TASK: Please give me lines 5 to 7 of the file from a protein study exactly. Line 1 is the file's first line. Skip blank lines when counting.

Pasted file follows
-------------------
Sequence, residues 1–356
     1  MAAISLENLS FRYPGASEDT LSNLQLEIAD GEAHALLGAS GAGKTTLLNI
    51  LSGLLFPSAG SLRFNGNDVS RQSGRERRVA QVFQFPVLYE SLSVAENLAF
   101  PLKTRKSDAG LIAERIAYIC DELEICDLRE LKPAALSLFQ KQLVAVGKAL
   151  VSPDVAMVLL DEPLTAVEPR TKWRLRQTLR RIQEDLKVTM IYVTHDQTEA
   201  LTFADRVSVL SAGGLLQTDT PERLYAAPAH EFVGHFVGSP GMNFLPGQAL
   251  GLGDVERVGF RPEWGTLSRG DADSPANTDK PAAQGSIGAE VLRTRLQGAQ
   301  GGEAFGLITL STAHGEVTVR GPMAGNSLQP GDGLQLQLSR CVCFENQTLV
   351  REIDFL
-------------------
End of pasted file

   151  VSPDVAMVLL DEPLTAVEPR TKWRLRQTLR RIQEDLKVTM IYVTHDQTEA
   201  LTFADRVSVL SAGGLLQTDT PERLYAAPAH EFVGHFVGSP GMNFLPGQAL
   251  GLGDVERVGF RPEWGTLSRG DADSPANTDK PAAQGSIGAE VLRTRLQGAQ